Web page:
PPI (Payment protection insurance) is a type of insurance that is usually taken out with a home or auto loan or other line of credit. It provides coverage for a borrower in the event they become disabled or unemployed. The premiums may be charged monthly or the entire cost added to the loan balance depending on the insurer. The insurance doesn’t cover the entire loan balance but a fixed number of payments. PPI usually covers loan payments for 6 to 8 months. Borrowers are expected to secure income to resume repayment within that time. There are a number of restrictions to prevent abuse.
Initially, PPI appeared to benefit both the borrower and the lender, but then various problems began to arise. Numerous reports have been made claiming that insurers failed to provide accurate or complete information concerning restrictions. In addition, a vast number of claims were denied even with evidence that the insured had a valid claim. After their claim was denied, numerous claimants began to challenge the insurers. More than 75 percent of the cases reported to the ombudsman were ruled in favor of the insured. The evidence suggests that insurers falsely denied most of the claims.
Mis-Sold PPI & Compensation
The complaints extend beyond those who attempted to file a PPI claim. A large number of borrowers were not even aware they had PPI. Others stated that lenders provided inaccurate information about PPI. It was discovered that many lenders had added PPI to the borrower’s loan product without informing them. In some cases the borrower was told they were required to have PPI to be approved for a loan. This led many borrowers to agree to the additional charges for PPI when otherwise they would have declined it.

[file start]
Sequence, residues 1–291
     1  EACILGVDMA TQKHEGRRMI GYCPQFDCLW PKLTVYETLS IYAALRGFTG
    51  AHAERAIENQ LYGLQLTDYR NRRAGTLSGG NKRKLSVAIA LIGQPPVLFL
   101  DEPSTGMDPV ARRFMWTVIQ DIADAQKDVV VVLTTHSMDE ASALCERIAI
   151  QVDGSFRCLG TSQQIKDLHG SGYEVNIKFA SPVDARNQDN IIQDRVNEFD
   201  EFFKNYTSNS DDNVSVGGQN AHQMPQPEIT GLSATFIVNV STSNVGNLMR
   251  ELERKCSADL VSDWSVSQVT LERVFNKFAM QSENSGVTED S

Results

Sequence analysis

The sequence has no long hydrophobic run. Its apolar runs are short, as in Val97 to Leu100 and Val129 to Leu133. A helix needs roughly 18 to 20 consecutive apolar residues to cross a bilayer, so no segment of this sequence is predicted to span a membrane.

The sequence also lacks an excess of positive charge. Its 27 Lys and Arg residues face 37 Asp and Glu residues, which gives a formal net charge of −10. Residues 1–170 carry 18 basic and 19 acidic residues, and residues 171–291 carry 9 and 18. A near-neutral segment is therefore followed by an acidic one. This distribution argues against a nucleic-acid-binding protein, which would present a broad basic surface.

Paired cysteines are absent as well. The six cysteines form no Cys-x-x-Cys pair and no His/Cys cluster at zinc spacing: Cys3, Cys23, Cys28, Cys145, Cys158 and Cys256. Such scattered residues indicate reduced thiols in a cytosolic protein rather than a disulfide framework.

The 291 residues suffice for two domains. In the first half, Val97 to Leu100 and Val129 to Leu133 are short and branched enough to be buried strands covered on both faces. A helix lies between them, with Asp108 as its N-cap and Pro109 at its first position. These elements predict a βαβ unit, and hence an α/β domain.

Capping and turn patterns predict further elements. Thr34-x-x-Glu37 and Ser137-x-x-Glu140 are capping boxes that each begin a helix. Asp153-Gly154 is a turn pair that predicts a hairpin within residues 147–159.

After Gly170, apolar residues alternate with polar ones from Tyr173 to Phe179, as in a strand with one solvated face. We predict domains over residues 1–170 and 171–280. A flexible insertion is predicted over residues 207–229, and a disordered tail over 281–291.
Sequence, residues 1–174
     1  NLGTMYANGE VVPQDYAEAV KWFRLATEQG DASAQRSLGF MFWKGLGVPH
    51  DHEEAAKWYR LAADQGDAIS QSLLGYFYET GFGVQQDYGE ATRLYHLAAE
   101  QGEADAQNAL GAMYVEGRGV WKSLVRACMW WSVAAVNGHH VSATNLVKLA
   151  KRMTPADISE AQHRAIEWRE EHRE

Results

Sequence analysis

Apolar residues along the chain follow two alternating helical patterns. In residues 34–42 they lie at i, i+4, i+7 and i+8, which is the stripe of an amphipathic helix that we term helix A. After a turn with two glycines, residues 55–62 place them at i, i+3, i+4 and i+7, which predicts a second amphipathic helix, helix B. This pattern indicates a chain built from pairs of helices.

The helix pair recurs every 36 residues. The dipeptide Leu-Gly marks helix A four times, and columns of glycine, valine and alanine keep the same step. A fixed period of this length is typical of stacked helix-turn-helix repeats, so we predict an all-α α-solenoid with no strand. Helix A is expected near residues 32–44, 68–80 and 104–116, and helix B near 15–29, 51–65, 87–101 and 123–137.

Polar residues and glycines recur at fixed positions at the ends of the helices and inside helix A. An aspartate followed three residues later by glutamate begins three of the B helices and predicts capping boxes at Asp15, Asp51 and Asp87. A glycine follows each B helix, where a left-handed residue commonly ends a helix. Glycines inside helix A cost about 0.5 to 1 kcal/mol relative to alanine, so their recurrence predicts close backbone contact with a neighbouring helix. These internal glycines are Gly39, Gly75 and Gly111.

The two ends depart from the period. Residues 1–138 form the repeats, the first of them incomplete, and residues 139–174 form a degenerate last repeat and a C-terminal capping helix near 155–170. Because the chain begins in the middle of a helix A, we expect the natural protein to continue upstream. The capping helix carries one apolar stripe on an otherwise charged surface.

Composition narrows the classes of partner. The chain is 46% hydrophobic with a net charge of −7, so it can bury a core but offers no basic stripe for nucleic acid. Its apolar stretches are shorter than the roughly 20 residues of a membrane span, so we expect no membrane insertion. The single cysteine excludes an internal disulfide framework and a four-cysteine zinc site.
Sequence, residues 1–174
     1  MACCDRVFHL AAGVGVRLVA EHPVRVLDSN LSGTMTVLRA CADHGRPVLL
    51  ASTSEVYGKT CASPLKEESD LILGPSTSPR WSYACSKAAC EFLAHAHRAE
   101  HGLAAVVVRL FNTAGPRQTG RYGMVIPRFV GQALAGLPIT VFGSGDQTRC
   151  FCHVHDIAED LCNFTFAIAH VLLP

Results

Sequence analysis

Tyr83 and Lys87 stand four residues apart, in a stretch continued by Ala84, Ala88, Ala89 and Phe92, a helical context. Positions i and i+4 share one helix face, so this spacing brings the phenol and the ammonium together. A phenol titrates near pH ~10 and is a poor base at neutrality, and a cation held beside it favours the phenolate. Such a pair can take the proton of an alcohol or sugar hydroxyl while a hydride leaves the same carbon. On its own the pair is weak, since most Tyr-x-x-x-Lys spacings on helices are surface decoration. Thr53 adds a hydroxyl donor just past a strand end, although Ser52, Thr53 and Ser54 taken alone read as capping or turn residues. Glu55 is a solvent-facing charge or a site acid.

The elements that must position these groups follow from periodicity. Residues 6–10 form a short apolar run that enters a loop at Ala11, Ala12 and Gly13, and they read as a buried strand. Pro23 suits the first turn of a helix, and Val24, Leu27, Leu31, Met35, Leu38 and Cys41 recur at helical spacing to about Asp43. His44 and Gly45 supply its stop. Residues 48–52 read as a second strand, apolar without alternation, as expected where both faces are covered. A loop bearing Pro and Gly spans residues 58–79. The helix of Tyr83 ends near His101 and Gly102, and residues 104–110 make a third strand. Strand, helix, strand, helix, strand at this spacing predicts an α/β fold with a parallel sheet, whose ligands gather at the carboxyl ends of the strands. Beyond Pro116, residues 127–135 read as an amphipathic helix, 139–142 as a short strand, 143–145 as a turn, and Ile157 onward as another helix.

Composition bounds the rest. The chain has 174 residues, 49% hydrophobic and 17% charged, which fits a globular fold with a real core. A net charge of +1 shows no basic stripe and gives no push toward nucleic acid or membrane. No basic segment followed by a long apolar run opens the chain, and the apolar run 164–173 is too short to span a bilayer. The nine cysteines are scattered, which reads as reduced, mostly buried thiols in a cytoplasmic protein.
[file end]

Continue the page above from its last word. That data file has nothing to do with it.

The motivation behind this misrepresentation stems from the fact that lenders generated more income from PPI premiums than from the interest on the loans. Borrowers were paying substantially more for PPI than for the interest on the loans. This equated to significant profits for lenders that they were unwilling to relinquish when the borrower filed a claim. However, as more borrowers became aware that they were mis-sold PPI, Britain’s banks became inundated with complaints. The UK Financial Ombudsman Service reported an increase in PPI related complaints of 149 percent between April and September of 2013 over the same period in the previous year.